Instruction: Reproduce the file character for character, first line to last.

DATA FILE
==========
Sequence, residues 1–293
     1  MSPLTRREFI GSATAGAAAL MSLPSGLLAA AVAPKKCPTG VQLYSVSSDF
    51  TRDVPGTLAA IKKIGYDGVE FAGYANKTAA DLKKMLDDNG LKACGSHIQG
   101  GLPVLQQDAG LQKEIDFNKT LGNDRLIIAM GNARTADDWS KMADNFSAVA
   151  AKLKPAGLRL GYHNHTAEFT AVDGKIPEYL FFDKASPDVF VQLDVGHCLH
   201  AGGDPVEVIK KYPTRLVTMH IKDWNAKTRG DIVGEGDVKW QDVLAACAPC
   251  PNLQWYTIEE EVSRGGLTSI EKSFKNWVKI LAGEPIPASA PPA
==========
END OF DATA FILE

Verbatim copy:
Sequence, residues 1–293
     1  MSPLTRREFI GSATAGAAAL MSLPSGLLAA AVAPKKCPTG VQLYSVSSDF
    51  TRDVPGTLAA IKKIGYDGVE FAGYANKTAA DLKKMLDDNG LKACGSHIQG
   101  GLPVLQQDAG LQKEIDFNKT LGNDRLIIAM GNARTADDWS KMADNFSAVA
   151  AKLKPAGLRL GYHNHTAEFT AVDGKIPEYL FFDKASPDVF VQLDVGHCLH
   201  AGGDPVEVIK KYPTRLVTMH IKDWNAKTRG DIVGEGDVKW QDVLAACAPC
   251  PNLQWYTIEE EVSRGGLTSI EKSFKNWVKI LAGEPIPASA PPA